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TheRedstoneHive
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18 Aug 2018 16:43

This planet's (RS 8474-1359-6-196333-67 B3) atmosphere is slightly toxic due to the high levels of SO2 (1640 ppm, or 0.00076 atm) though that would rain down in the colder areas of the planet. But the rest of the atmosphere is not too bad; 
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Planets with potentially breathable atmospheres

18 Aug 2018 20:43

The CO2levels are also quite toxic.
 
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18 Aug 2018 21:19

Himself wrote:
The CO2levels are also quite toxic.

True, but going to a higher altitude will bring the CO2 level down enough to be uncomfortable, but survivable.
However even going to a higher altitude won't bring the SO2 levels down enough for survival.
 
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18 Aug 2018 21:33

Foud a Terra with not too bad O2 levels, okay CO2 levels (probably best to go to higher altitudes) but still toxic SOlevels.
The planet's Mass, Diameter and thus gravity is similar to Earth's, there is unicellular life in the oceans, and a total ESI of 0.949.
The planet's name is: "RS 8474-900-6-66722-286 A4" -One of the best I have found so far.
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18 Aug 2018 21:44

Planets that are Oceanias aren't very good for theoretical colonisation, though if the atmosphere has the right mix and the atmospheric pressure is 0.1 - 2.5 atm, living at the ice caps is not a bad idea. Earlier today I found this water world: RS 8474-3161-7-826197-655 4.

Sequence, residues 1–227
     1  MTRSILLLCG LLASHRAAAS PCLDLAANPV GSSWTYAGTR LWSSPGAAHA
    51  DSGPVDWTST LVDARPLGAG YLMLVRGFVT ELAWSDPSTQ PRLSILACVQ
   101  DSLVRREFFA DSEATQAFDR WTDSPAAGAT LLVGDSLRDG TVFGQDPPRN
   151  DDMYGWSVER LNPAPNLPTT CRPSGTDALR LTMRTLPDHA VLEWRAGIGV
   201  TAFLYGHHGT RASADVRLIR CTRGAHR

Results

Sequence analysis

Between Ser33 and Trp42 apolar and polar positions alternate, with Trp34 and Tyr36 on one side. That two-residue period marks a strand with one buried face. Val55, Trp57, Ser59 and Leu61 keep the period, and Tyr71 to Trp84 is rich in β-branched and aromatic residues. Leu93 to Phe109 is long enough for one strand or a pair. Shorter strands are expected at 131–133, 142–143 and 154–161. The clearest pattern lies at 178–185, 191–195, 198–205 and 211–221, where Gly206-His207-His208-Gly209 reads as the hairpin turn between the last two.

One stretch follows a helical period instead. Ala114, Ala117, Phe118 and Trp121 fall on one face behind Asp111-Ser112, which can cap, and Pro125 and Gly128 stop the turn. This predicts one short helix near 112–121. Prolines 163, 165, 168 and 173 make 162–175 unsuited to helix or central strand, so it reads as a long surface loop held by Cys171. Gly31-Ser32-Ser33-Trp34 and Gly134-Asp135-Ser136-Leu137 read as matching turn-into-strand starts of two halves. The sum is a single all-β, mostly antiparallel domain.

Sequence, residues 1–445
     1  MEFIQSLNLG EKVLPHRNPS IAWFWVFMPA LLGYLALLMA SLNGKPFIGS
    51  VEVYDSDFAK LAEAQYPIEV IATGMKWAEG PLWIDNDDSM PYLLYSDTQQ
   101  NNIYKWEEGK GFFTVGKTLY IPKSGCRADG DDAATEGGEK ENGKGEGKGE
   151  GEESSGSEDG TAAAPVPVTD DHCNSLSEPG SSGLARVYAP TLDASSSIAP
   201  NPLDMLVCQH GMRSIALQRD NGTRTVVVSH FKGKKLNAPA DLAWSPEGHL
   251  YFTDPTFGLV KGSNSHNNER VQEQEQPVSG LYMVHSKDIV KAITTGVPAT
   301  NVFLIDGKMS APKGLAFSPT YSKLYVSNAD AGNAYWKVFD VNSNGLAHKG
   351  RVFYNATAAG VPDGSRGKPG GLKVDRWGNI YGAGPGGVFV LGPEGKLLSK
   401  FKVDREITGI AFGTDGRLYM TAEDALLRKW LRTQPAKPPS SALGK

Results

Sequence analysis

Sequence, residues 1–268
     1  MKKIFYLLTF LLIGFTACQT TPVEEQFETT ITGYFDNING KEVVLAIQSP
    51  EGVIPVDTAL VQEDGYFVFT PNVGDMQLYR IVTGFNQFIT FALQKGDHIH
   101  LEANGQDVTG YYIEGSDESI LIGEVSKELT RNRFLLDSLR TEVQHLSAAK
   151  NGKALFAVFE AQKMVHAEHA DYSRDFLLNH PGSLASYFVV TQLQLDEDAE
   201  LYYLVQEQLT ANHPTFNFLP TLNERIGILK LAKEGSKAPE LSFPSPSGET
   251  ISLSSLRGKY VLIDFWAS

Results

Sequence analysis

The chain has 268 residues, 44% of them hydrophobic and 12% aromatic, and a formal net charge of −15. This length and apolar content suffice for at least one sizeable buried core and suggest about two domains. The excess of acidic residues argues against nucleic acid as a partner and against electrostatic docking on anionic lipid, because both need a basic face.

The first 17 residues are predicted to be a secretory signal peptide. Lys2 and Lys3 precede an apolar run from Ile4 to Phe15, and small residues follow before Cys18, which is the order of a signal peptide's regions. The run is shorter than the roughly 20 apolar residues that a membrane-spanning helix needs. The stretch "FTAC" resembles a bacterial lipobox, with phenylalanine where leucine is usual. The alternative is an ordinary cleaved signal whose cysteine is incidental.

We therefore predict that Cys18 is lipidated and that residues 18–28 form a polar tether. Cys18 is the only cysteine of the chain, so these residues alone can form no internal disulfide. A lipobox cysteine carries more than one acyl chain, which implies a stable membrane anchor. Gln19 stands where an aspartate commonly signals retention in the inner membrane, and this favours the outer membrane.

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19 Aug 2018 01:44

Very, very awesome composition of atmospheric gasses. I think this planet certainly deserves an Honorable Mention.

Great find!!!

BUTT.... just like being at a high altitude here on Earth, with air pressure that low, water boils at the normal temperature of the human body, or around 37 degrees Celsius. The Armstrong Limit, also referred to as Armstrong's line, begins at 18-19 km (59,000-62,000 ft) above sea level, where the atmospheric pressure is a very low 6.3 kPa (about 1/16 of the standard sea-level atmospheric pressure of 101.3 kilopascals (760 mmHg).

Named after the Air Force guy who noticed the saliva on his tongue was boiling away when flying too high in an unpressurised room-temp environment. The blood inside your veins DOES NOT boil, it is already inside a pressurized system - called your body. Your blood pressure would however at least double and you'd be crying bloody tears. No amount of breathable oxygen delivered by any means will sustain life for more than a few minutes at such low pressure.

Armstrong limit = 6.25 kPa (0.906 psi) or 0.0616827 ATM
Mount Everest summit = 33.7 kPa (4.89 psi) or 0.3325931 ATM
Earth sea level = 101.3 kPa (14.69 psi) or 1 ATM
Dead Sea level = 106.7 kPa (15.48 psi) or 1.0530471 ATM